Parkinson’s Makes Us Role Models

Parkinson’s Makes Us Role Models

Sherri Journeying Through

We didn’t stand in a long line, waiting our turn to collect the perfect life. Nor did we have a choice as to what kind of life we would be handed. We were just given a box, wrapped in paper with “Surprise” written on it. When we opened our “gift” — some of us at birth, some as toddlers, some as teenagers, some as young adults, some old, and some older — we were definitely surprised. 

While in our mother’s womb, we may have been making plans. Perhaps we planned to be the next Beethoven, Marie Curie, or Albert Einstein. Having our course set before us, we were ready to run as soon as we exited the birth canal. Then, eventually, we opened our gift. To say we were surprised by what was inside might be putting it lightly. For some, sideswiped might be a better word. Needless to say, when we saw Parkinson’s disease sitting inside, we wanted no part of it. 

“What do I do with this?” we quietly asked ourselves. Maybe we even asked our doctors. We couldn’t send it back. Once opened, it wouldn’t fit back into the box in which it came.

So, what do I do with this?!

This time we were crying out loud.

Parkinson’s wasn’t what we thought about in the confines of our mother’s belly. We thought about warm, fuzzy things like raising healthy families of our own. Maybe we would run marathons with a strong body. Maybe we would even do some medical research with a brilliant mind. We watched as some opened their gift at age 82, while others unwrapped it in our late 20s or 30s. We called it unfair.

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After the initial shock wore off, we became more familiar with our “new” life. We began to see that we had a choice of how we would live with this gift. Returning it wasn’t an option because we didn’t know where it came from or how we got it. So, we had to find some way to live with it.

The rest of our lives could be spent commiserating our plight in life. We could exert precious energy complaining and expressing our discontent. Or, we could spend it being a role model for Parkinson’s. We could advocate for a cure, encourage others on their journey with this disease, and teach people about PD.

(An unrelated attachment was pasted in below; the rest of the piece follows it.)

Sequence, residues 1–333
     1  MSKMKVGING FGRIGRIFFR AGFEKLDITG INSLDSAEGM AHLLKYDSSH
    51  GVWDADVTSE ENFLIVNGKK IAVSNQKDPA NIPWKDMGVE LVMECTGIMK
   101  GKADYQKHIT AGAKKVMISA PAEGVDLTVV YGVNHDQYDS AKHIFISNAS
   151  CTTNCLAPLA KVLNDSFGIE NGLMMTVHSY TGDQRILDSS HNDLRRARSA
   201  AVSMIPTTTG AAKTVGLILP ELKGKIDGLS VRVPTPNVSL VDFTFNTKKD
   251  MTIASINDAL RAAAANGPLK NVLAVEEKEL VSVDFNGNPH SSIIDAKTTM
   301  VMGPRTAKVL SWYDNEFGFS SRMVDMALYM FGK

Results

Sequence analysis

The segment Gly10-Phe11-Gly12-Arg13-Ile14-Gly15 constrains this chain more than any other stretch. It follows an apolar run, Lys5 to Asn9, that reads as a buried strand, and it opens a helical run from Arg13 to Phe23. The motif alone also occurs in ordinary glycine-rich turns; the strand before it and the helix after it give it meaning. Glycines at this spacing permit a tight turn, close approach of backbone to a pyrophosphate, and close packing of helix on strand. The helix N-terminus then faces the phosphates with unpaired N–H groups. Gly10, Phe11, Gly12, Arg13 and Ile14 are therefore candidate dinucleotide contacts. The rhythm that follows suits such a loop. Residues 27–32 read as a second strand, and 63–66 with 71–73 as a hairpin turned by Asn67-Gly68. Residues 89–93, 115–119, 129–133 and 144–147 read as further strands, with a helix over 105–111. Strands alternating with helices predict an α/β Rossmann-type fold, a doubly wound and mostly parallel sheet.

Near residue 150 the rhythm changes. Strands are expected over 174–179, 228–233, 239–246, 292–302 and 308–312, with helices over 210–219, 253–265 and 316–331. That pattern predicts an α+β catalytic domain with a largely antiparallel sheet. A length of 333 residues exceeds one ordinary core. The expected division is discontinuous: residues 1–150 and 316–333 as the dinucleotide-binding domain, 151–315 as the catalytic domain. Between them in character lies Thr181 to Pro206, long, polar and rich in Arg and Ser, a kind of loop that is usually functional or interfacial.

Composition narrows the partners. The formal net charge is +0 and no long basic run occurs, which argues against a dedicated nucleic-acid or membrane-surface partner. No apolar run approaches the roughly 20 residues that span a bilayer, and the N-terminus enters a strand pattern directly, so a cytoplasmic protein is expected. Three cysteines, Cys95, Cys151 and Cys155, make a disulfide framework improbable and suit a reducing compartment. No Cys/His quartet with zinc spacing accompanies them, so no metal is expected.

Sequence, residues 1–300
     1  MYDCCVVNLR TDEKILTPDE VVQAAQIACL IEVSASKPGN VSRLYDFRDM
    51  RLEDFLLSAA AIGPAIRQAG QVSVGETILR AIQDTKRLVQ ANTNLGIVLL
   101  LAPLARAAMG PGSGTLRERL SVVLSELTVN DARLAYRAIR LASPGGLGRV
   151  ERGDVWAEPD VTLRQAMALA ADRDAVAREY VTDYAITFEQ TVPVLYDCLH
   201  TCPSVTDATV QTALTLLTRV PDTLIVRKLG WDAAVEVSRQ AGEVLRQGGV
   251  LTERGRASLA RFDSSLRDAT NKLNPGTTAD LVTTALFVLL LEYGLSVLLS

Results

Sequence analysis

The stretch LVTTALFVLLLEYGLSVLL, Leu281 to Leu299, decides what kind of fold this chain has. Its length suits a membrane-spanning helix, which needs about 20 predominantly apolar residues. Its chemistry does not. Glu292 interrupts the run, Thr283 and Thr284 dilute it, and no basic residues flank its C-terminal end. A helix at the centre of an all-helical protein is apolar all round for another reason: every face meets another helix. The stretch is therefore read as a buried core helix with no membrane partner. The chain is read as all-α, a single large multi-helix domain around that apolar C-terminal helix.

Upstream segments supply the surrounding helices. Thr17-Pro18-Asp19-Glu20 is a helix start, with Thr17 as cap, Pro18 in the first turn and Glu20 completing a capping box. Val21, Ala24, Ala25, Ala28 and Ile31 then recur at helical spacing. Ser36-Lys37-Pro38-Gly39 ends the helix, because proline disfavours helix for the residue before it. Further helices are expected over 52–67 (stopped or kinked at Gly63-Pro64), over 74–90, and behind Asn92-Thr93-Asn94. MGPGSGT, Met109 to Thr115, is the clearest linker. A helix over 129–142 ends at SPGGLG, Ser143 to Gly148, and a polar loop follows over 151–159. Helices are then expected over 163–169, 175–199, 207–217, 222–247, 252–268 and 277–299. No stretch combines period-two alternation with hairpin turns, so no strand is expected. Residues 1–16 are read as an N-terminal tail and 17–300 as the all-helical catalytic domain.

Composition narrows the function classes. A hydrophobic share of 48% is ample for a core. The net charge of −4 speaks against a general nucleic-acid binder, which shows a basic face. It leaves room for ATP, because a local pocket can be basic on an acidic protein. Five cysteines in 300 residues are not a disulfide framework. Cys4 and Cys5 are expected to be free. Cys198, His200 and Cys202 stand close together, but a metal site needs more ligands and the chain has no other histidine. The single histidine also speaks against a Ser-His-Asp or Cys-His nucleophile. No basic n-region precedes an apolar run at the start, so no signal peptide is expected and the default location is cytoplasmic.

Being a role model for PD wasn’t in our plans, but unfortunately, we don’t have a choice.

This is the quandary we find ourselves in. We are a role model for PD, whether we like it or not. We can live well in this life we’ve been given or we can waste it feeling sorry for ourselves, whining to those who will listen. 

Without this gift we’ve been given, we may not have known the depth of compassion and understanding for others we’ve experienced. Our “people connections” would have been limited and most likely not have included our Parkinson’s network. Without storms in our lives, we could not appreciate the sunny, more carefree days. 

Which will you choose?

Will you choose to fight this gift by complaining and bellyaching, making others around you miserable in the process? Or will you fight the fight of living your best with Parkinson’s? We are a role model for PD. For good or bad.

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Note: Parkinson’s News Today is strictly a news and information website about the disease. It does not provide medical advice, diagnosis or treatment. This content is not intended to be a substitute for professional medical advice, diagnosis, or treatment. Always seek the advice of your physician or another qualified health provider with any questions you may have regarding a medical condition. Never disregard professional medical advice or delay in seeking it because of something you have read on this website. The opinions expressed in this column are not those of Parkinson’s News Today or its parent company, BioNews Services, and are intended to spark discussion about issues pertaining to Parkinson’s disease.

5 comments

  1. Daniel says:

    Usually “role model” implies someone richly emulatable because outstanding in some department. The parkies reading the title of your article thus get ready to be flattered and told how wonderful they are. They are invited to pat themselves on the back, not just those who run marathons, write inspirational blogs, or create big charitable foundations. But by the end of your essay, one discovers that here “role model” can be “good” or “bad,” so the term becomes synonymous with “a specimen” or “example.” The connotation of excellence disappears. Sherri, your morphing of the meaning is a fine slight of hand!

  2. Norma Havens says:

    I appreciate your article. I can help others or give in. I would rather be a Role Model on how to walk this out. Thank you…I really needed to hear this today.

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